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Ranting Raver: A West End Review

A love/hate relationship beginning in squashed peppers and ending in emotion.


By Spotlight

Sea had swallowed sun several hours ago and, like an unbreakable curse, San Antonio’s West End was beginning to transform into the raging beast it is fated to become every night of the summer. The strip clubs had opened and Subway had closed; this was no place for a salad bar after dark...

Drunken people love strangers with film cameras but hate strangers with notepads, so it was time to stash the journo-evidence and blend in with the not-actually-local milieu. I hiked my shorts up my cheeks and super-glued them at the halfway point. I put on some mascara, then put on some false eyelashes, then put on some mascara, then put on some eyeliner, then put on some mascara. I drank half a bottle of vodka and got a tattoo. The transformation was complete.

Pausing at the outskirts to survey the scene, I was quickly forced to one side as a child in a toy car zoomed past me, his wild-eyed father in tow, urging “Vamos, Juan! Vamos!” He knew they were cutting it fine... An intoxicated racket was beginning to muster, with the sizeable Irish contingent on the island valiantly pioneering the cause – always first in and last out in their never-ending search for ‘good craic.’ The pavement was, as yet, reasonably rubbish free, with the exception of some cigarettes and a rotting red pepper, lying squashed and alone, like a broken heart upon the pavement (although more like a pepper). The air smelled of kebabs. Already.

With the wrong attitude, a trip to the West End could have been a series of unbelievably horrific aural, visual and tactile (many of these) encounters. But a sense of humour is all one needs to turn it into a thoroughly positive experience. A couple of hardworking lads from the midlands that I spoke to knew the score - “We’re simpletons,” one said, jovially, “We drink real ale and we shout at planes.” This kind of genuine attitude pervades the scene. A night in the West End might mean sacrificing underground music, decent sound systems and dignity, but you also shake off extortionate prices and a whole lot of pretentiousness. One West End PR guy put it very simply when I queried his mildly masochistic choice of workplace, “I’m trying to earn a legitimate living instead of selling drugs like everyone else. I want to go home at the end of summer, not jail-alright ladies! You having some drinks tonight, yeah?” And just like that I was as relevant as Myspace, my PR having spotted a brood of stumbling and stilettoed hens, basically gift-wrapped clientele for the West End PR massive.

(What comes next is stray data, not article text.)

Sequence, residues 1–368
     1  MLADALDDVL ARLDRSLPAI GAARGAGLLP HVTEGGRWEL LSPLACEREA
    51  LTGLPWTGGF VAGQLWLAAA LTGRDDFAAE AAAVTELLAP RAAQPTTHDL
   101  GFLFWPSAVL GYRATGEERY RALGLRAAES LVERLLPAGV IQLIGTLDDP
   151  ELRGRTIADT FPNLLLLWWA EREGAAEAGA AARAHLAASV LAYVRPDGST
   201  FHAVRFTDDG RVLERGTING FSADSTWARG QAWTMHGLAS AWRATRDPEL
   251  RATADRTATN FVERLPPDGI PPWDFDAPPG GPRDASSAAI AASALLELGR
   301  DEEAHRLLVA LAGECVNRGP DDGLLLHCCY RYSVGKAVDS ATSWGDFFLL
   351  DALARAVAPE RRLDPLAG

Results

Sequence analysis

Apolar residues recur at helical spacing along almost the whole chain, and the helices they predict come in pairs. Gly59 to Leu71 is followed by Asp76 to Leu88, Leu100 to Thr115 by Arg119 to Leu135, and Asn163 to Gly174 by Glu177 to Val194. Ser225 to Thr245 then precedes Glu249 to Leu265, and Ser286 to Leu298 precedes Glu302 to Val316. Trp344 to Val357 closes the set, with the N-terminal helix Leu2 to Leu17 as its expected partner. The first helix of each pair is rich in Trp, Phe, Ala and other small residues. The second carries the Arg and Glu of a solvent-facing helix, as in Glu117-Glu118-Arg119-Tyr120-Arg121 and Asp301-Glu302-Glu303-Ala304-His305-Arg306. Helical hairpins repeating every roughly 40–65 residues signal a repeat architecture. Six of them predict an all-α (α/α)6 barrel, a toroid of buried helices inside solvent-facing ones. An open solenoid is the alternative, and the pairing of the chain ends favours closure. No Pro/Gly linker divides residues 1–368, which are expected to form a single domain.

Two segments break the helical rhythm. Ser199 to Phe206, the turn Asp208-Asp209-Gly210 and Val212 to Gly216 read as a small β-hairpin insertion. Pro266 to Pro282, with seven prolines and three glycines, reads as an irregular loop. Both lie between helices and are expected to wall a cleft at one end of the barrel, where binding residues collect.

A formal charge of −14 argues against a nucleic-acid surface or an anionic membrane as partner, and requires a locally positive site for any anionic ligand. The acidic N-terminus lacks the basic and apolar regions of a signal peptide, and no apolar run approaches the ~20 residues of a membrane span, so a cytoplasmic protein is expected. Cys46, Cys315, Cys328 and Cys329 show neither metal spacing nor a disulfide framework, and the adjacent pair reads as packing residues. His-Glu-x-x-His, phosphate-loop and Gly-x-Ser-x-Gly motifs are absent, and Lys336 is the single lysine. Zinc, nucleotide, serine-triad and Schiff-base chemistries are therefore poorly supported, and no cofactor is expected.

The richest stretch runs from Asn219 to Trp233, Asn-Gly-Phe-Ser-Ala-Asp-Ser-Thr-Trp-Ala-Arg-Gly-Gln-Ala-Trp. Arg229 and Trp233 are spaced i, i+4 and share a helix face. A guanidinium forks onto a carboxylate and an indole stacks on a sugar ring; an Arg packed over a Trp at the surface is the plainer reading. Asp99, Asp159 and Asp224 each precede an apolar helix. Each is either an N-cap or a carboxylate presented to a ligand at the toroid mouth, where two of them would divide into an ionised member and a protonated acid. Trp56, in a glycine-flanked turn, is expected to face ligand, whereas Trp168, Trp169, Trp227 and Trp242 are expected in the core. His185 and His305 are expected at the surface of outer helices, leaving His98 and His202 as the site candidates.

The tactics of most West End PRs threw me off-guard, demanding that I self-evaluate when I’m at my weakest point. Lookylooky men are about as pushy as kindergarten teachers next to these troops, who reel you in with sweet promises of refreshment, whilst relentlessly demanding of you responses and strategy. Where you off to? How you feeling? What’s happening tonight? What plans have you made for financing your retirement etc.? I don’t know, I don’t know! I just want to make it home without losing my shoes, ISN’T THAT ENOUGH?? (It wasn’t and I didn’t)

Having started with cheap workers’ drinks at the top end and weaved (later, lurched) my way down through sexual advances, strippers and remixes of Carly Ray Jepson to an inflatable guitar at the bottom end, I suddenly kicked into autopilot and mobilised my faculties with renewed vigour towards the nearest grease-fest. And I wasn’t the only one making this pilgrimage, for, in the West End, all roads eventually lead to KFC. Once sated by the Colonel (don’t be dirty, now) I noticed a fallen comrade on the pavement - on his way out Jimi Hendrix style. After quickly re-arranging and hydrating him, we became firm friends, engaging in a deep and meaningful conversation which would probably have solved all of life’s problems if only it could be remembered.

For most on the West End, technology has solved the memory-loss issue, for we all know the slogan - What happens in the West End stays in the West End, until the next day when it goes on facebook, becomes the property of facebook, is sold by facebook and then used by sensationalist news programs in their latest exposé on the degenerate youth of today. And that’s how your grandma finds out what you’re up to.

There’s a lot about the West End I don’t like, but I can’t deny I had a really good time; so I’ll perch uncomfortably on the fence on this one. Don’t judge Ibiza by the West End, but don’t hate that it exists either. If you can’t reconcile yourself to its positive points, think of it as a container pen; a quarantined zone; a sticky pad for catching ants... And if you love the place by all means enjoy it, but don’t get caught for too long; there’s a whole island out there.


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